The Socialist 19 March 2005 |
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What is socialism?
THE ARTICLE below is a slightly updated extract from the chapter How
would socialism work? in the book Socialism in the 21st Century written
by Hannah Sell. Hannah is a member of the Socialist Party's national
executive committee and our national campaigns organiser.
FOR 300 years or so of its existence, capitalism has transformed the
planet over and over again. Rail, electricity, the internal combustion
engine, flight, space travel, telephones and electronic computers, the
list is endless. The world economy is 17 times the size it was a century
Despite this, all the technology developed by capitalism has not
provided clean water for well over a billion people. As a result, 2.2
million people die every year from causes directly attributable to not
getting enough clean water and sanitation.
Neither does it provide food for the 850 million who are seriously
malnourished. The number of under-nourished people in the world is
climbing at a rate of almost five million a year. Capitalism is capable
of spending billions on developing weaponry used to bomb the poor of
Afghanistan and Iraq, but it cannot solve poverty, hunger or disease.
And capitalism is threatening the very future existence of the
planet. Scientists predict that, as a result of global warming, sea
levels are likely to rise by up to one metre this century. Now some
scientists have raised fears that the West Antarctic ice sheet may be
disintegrating, raising the world's sea levels by nearly five metres!
Even a rise of one metre would devastate the inhabitants of the flood
plains of Bangladesh and Egypt, and worldwide hundreds of millions of
the very poor would be displaced.
Capitalism has enormously developed the productive forces but it is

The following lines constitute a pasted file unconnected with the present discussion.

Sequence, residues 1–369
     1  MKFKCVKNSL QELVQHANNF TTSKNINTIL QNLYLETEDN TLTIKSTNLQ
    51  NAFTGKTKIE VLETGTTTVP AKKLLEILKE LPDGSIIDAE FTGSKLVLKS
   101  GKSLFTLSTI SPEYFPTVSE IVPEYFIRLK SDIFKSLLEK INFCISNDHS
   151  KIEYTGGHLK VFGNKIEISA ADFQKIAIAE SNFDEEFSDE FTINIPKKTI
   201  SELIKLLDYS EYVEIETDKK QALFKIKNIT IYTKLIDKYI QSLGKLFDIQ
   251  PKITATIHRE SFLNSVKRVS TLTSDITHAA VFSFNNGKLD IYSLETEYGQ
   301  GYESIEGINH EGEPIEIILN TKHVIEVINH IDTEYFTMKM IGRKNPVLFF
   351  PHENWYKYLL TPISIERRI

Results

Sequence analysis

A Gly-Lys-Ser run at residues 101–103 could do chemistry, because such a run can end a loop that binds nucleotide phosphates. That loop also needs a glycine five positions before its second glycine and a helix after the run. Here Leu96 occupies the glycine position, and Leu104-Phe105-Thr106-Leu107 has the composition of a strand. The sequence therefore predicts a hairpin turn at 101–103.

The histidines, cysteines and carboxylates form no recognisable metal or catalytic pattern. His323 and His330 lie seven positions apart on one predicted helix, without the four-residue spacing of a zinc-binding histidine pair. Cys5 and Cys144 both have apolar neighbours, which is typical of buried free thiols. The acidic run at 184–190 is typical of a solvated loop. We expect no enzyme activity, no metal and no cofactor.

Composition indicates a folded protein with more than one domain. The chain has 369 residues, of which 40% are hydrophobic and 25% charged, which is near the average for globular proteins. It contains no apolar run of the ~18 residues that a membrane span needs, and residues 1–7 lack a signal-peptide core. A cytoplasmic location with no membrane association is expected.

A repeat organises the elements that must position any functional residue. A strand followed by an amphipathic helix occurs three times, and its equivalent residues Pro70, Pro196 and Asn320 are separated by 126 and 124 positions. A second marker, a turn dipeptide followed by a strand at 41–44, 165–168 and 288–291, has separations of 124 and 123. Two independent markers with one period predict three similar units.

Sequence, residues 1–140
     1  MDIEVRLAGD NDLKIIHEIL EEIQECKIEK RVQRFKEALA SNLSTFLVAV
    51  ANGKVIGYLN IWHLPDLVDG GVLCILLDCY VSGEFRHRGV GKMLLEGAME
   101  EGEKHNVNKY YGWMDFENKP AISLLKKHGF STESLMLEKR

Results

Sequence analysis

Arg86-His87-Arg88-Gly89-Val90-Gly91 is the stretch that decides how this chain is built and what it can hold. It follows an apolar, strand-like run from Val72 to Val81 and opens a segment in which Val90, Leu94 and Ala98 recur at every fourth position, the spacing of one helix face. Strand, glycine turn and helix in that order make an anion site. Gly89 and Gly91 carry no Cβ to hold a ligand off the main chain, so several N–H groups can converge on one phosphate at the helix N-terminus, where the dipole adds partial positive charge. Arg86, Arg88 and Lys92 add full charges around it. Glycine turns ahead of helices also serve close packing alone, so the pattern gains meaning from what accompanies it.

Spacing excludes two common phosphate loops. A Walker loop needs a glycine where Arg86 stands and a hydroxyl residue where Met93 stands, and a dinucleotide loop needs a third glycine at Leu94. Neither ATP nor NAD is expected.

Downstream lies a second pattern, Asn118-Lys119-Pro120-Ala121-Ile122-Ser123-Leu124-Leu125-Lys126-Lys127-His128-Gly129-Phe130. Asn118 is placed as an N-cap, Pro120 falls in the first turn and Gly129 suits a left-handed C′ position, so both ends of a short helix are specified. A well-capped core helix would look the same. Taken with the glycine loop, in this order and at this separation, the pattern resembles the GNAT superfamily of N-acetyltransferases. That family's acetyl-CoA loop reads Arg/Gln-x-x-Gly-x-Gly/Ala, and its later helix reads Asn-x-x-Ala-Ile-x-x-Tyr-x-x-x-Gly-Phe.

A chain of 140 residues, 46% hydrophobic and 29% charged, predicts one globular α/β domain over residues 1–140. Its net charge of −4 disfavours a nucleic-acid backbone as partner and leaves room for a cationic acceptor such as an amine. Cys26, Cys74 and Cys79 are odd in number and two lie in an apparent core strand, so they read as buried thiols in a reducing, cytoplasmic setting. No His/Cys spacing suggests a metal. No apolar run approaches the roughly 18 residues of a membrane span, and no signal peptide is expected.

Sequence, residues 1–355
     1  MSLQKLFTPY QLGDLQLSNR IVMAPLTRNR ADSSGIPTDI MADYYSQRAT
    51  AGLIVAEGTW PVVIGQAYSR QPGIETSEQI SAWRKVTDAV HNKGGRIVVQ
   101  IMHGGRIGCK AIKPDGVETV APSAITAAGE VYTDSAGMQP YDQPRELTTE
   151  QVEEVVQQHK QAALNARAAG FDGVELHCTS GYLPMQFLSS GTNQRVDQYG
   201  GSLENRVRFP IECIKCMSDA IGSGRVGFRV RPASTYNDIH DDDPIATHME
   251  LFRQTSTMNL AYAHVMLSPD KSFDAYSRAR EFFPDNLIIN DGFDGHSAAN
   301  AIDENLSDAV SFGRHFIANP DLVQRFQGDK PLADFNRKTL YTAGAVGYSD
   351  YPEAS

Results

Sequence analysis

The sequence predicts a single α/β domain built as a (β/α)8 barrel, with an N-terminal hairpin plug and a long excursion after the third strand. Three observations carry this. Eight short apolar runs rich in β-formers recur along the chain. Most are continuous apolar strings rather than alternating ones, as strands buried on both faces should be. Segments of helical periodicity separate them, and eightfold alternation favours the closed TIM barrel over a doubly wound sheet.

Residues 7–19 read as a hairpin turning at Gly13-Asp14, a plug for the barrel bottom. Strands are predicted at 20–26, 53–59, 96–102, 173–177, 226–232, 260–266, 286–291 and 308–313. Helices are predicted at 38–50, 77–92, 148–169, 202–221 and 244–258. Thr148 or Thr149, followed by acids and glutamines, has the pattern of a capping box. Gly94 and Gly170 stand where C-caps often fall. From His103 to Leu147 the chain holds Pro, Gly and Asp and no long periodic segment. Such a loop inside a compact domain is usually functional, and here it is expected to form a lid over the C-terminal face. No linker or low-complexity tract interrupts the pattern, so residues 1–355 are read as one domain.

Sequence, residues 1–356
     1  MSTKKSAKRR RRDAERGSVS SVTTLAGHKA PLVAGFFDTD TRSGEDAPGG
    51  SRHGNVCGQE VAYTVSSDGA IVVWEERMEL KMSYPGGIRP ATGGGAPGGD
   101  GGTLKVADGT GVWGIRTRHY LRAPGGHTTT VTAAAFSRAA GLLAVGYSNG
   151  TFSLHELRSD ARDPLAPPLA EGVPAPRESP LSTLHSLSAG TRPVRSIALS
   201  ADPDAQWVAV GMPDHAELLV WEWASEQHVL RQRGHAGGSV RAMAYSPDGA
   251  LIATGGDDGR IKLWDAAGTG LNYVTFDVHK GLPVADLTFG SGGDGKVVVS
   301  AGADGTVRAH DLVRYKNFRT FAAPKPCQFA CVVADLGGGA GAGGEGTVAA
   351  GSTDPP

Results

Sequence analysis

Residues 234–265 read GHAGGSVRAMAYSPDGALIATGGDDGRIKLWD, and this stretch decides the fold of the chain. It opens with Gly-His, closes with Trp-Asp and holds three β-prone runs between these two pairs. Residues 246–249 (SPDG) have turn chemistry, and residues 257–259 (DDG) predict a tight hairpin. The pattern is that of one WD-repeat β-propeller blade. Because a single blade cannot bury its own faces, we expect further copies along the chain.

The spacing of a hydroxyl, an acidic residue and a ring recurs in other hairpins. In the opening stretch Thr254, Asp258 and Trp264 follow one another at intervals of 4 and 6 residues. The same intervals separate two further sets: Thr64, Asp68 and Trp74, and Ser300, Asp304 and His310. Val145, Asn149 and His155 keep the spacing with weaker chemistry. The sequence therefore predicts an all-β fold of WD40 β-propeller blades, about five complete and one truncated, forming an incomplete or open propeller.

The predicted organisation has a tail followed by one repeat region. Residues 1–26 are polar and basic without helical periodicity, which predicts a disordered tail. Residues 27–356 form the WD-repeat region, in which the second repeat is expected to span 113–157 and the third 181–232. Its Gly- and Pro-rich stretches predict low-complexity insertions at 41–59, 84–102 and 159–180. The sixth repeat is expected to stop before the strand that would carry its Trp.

the blind forces of profiteering that are in the driving seat.
Capitalism is incapable of fully harnessing the science and
technology it has brought into being. It is incapable of providing for
the needs of humanity or of protecting our fragile planet. By contrast,
a socialist society would be able to harness the enormous potential of
human talent and technique in order to build a society and economy which
could meet the needs of all.
It is not possible to create socialism in one country surrounded by a
world capitalist market. Nonetheless, there is an enormous amount that
could be achieved by a socialist government in the immediate period
after it came to power, as part of a transition from capitalism to
A socialist economy would have to be a planned economy. This would
involve bringing all of the big corporations, which control around 80%
of the British economy, into democratic public ownership, under
Of course, it would not mean bringing small businesses, such as local
shops, many of which are forced out of business by the multinationals,
into public ownership. Nor would it mean, as opponents of socialism
claim, taking away personal 'private property'. On the contrary,
socialists are in favour of everyone having the right to a decent home
and the other conveniences of modern life.
Socialism would be a truly democratic society. Under capitalism most
of the important decisions are not taken in Westminster or in local
council chambers, they are taken in the boardrooms of the big
corporations. A socialist government would bring major industry into